Piercing jewelry has become a true form of personal expression, almost as much as piercings themselves. These days, piercing jewelry is available in all colors, shapes and sizes — the sky’s the limit! There are numerous options when it comes to the metals and materials used to create the jewelry and just as many standards and regulations to match.

In this article, we’ll take a closer look at the most commonly used metals, regulations set forth by the European Union and what you should do to ensure that you’re not breaking any laws and offering your customers the absolute best.

Piercing Jewelry Standards: Metals And Materials

Surgical Steel 316 (SS316L)

SS316L is crafted from implant-grade steel and is the most common material used to craft piercing jewelry. It’s evaluated against two standards related to the quality of steel — ASTM F138 and ISO 5832-1 — and although it may contain trace amounts of nickel, polishing the jewelry to a mirror-like lustre creates a protective barrier of chromium oxide, which in turn reduces the release of nickel into the client’s skin, as well as the chance of an allergic reaction. SS316L can be sterilized in an autoclave.

Black Steel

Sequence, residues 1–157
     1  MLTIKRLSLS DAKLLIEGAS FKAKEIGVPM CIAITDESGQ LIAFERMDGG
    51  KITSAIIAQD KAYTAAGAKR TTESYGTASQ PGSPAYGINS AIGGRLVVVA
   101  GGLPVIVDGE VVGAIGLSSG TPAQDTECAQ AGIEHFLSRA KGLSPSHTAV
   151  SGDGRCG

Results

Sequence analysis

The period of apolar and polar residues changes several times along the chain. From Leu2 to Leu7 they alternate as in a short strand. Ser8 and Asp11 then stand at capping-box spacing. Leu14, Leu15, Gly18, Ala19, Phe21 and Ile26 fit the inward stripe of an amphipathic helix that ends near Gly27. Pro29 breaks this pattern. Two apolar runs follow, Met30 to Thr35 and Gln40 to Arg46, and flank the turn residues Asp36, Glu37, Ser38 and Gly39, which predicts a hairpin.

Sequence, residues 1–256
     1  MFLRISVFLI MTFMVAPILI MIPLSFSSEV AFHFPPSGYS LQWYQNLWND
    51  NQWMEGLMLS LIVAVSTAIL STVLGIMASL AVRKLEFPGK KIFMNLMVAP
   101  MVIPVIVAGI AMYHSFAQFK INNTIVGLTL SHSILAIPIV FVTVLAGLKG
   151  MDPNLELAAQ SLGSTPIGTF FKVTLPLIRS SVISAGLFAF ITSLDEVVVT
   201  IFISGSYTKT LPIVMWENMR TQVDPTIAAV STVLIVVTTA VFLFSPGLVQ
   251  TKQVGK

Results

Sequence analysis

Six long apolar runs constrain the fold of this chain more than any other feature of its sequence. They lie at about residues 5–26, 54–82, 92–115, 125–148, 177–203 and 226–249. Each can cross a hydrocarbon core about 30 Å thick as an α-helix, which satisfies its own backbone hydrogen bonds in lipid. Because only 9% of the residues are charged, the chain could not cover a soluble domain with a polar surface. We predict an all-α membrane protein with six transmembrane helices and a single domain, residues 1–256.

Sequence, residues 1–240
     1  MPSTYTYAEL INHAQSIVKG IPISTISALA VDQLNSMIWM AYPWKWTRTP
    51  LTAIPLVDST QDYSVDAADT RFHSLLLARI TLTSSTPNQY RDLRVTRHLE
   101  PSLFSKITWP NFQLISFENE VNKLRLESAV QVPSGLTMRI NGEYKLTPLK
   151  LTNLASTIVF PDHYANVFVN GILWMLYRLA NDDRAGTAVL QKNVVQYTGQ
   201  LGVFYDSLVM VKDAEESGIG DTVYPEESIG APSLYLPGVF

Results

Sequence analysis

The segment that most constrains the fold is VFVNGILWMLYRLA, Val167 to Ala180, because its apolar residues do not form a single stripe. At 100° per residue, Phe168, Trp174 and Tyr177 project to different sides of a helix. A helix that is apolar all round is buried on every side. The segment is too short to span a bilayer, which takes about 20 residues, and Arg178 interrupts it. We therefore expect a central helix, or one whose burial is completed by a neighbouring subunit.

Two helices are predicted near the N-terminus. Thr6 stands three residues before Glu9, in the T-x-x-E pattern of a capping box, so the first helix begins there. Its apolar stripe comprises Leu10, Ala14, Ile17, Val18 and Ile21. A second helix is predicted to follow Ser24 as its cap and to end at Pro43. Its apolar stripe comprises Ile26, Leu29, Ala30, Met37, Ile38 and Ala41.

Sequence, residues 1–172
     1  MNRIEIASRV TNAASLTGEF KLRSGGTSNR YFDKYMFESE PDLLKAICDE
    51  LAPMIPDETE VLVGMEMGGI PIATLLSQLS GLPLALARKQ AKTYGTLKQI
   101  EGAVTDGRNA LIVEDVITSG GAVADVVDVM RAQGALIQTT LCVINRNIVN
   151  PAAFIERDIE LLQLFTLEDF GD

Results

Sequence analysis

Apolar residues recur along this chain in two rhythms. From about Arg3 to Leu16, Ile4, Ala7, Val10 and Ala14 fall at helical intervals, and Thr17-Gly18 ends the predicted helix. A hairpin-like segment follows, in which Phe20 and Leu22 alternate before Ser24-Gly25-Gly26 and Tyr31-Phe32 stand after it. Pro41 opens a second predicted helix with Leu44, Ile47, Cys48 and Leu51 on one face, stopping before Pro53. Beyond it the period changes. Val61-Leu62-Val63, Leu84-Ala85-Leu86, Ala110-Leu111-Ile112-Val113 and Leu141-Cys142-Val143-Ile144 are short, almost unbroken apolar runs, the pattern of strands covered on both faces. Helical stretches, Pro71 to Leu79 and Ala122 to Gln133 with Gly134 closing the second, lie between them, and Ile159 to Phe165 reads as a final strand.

Taking SS316L and coating it with Physical Vapour Deposition (PVD) in a heated chamber under a high vacuum produces black steel. By using electric voltage, a plasma is formed within the chamber and the introduction of a number of gases produces an ion bombardment. This atomizes the cathode material into tiny substances, which are then deposited on the jewelry, creating a hard biocompatible layer on top of the jewelry.


Titanium is essentially nickel-free and has (not surprisingly) become the preferred material for body jewelry, especially in the European Union, as it complies with regulations regarding the use of nickel in body jewelry. It’s a great option for both new and existing piercings and although it weighs half as much as steel, it is twice as strong. Grade Ti6AL-4V and ASTM F136 titanium are preferred, as they are both surgical grade. Titanium can be sterilized in an autoclave.